Anna and Charlotte share their experiences of the pain of living with endometriosis, a condition that affects 1 in 10 women and those assigned female at birth in the UK and can take years to diagnose.
By Zahra Errami, ITV News
"I’m sick, I sweat, doubled over in pain, crying – it affects all parts of my body"
"I’ve had 14 surgeries now, I've got a stoma bag, a long-term catheter"
This is the reality of living with endometriosis, according to Anna and Charlotte.
Suffering intense stomach pain, vomiting, and spending hours on the toilet in agonising pain has become normal as they live with endometriosis.
Endometriosis is a condition where tissue similar to the lining of the womb starts to grow in other places, such as the bowel, ovaries and fallopian tubes.
With regular periods, the lining of the womb sheds monthly building up to menstrual bleeding, but the tissue from endometriosis has nowhere to go – the scar-like tissue can fuse organs together, causing inflammation and pain to those who have it.
"At 16, I was referred to a gynaecologist, who told me there was nothing wrong with me - that I was just being dramatic", Anna, 28, from Wrexham, told ITV News' Here's The Story.
Anna was misdiagnosed, only finding out she had endometriosis after she had to have surgery to remove her appendix. She was told to see a gynaecologist, who refused to agree with the surgeons' findings.
On average it can take up to seven to eight years to be diagnosed with endometriosis from when you start displaying symptoms, according to a 2020 report by the All Party Parliamentary Group on Endometriosis.
Why is it so difficult to diagnose?
The NHS says symptoms can vary, and many other conditions can cause similar symptoms.
A standard ultrasound imaging test won't definitively tell your doctor whether you have endometriosis.
Specialists say the only definitive way to diagnose endometriosis is by a laparoscopy which involves the insertion of a camera into the pelvis via a small cut near the navel.
The surgeon uses the camera to see the pelvic organs and look for any signs of the condition.
Charlotte, from Neath in south Wales, said that living with the condition and the constant dismissal by doctors had negatively affected her mental health.
"A doctor sat me down next to me and had said ‘you just need to lose weight’ - and I remember thinking, I am 17 – imagine the impact that is going to have on my mental health", Charlotte told ITV News.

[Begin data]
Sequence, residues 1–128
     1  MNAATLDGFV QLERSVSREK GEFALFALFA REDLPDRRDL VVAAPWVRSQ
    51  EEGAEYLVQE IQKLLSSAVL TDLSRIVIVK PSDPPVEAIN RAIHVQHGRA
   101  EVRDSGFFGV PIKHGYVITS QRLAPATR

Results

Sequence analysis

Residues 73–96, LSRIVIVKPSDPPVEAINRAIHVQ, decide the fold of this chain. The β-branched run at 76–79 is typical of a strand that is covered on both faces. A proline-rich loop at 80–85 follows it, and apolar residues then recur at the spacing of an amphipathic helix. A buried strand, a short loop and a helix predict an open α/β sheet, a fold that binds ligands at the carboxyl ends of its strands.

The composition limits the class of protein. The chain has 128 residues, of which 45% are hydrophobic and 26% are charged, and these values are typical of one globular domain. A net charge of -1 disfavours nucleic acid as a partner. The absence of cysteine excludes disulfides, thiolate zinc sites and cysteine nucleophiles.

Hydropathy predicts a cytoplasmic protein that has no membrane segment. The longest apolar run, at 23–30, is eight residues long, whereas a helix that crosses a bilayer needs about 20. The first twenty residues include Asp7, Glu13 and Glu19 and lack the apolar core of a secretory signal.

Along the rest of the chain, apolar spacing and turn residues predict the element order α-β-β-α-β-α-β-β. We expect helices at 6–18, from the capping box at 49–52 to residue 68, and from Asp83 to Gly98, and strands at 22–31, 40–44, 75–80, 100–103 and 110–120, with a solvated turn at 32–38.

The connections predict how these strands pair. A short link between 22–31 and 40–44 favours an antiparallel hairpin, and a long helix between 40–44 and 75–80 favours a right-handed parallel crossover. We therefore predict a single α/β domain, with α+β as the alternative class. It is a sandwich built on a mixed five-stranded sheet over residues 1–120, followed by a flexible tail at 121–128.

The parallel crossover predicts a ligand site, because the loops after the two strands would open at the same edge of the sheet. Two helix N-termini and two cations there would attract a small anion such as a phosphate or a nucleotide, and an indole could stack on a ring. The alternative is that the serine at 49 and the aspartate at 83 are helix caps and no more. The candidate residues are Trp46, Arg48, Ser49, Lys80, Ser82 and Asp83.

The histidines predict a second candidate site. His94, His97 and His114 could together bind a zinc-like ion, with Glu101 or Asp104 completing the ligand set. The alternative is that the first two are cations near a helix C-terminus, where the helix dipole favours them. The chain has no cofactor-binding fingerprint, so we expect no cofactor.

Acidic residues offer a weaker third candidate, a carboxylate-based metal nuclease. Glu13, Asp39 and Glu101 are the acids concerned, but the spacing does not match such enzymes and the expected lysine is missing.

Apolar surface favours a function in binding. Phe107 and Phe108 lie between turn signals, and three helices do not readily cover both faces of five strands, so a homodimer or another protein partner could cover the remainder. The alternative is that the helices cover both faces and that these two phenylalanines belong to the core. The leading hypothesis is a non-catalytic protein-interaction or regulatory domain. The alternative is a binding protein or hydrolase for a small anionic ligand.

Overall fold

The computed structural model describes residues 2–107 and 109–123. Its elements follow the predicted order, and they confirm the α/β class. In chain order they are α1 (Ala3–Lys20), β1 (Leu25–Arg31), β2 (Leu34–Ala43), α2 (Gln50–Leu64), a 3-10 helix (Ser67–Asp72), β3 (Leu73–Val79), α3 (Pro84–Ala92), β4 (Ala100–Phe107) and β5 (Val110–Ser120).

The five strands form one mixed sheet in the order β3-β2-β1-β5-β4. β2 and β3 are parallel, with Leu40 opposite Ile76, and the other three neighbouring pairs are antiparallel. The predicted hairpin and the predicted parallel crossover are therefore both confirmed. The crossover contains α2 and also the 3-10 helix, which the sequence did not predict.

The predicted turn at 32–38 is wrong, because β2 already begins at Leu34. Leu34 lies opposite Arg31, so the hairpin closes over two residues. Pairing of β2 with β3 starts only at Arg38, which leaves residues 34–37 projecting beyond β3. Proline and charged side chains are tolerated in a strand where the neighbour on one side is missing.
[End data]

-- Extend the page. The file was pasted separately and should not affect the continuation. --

"I’ve got so much trauma from going through all of that when I was younger, it has a massive effect on me now when I go into hospitals, I’m constantly thinking of that time."
Both women rely on the online endometriosis community for support, as they were offered no help in dealing with the emotional impact of living with the condition.
After her experience with receiving conflicting medical advice, Anna launched her own platform The Menstrual Health project to help better support the endometriosis community online.
"We need funding in women's health in general. When the pandemic hit – gynae was the first to stop surgery and the last to go back."
Less than 3% of medical research funding in the UK is focused on women-specific diseases like endometriosis, according to the Royal College of Obstetricians and Gynecologists.
They also found that the wait for gynaecology services across the UK is longer than it’s ever been, with waiting lists increasing by more than 60% compared to pre-pandemic levels.
A Department of Health and Social Care spokesperson said:
“We are working with the NHS to tackle the Covid backlog and ensure everyone receives the care they need and, as of February 2022, the average waiting time for gynaecological treatment has fallen by over 20% since the peak in July 2020.
With the average a wait for surgery for endometriosis being 6-7 years, Anna says that while the pandemic has made this worse, the lack of surgeons was a problem way before Covid.
“In the 10 years since I've been diagnosed, nothing sadly has changed”, she said.
In Wales where Anna and Charlotte live, Health Minister Eluned Morgan admits waiting times for endometriosis treatment in the country are “unacceptable”.
Speaking to a ITV Wales programme about the condition, 'Living in Pain', she said: “I’m determined as the first woman health minister [in Wales] for a very long time to make sure more focus is put into women’s health issues, and endometriosis is one of those.”
In Wales, the Women’s Health Implementation Group (WHIG), has recently supported the recruitment of specialist endometriosis nurses in each health board to develop new ways of working to reduce diagnostic times across Wales.
The UK Health Secretary Sajid Javid and Maria Caulfield, the Minister for Women’s Health, say more needs to be done to improve the treatment of endometriosis.
"We must ensure all women feel confident in going to their GP when they experience symptoms of endometriosis and, when they do, that they are listened to," they recently wrote in a joint article for the Telegraph.
For more information and advice about endometriosis, you can visit:
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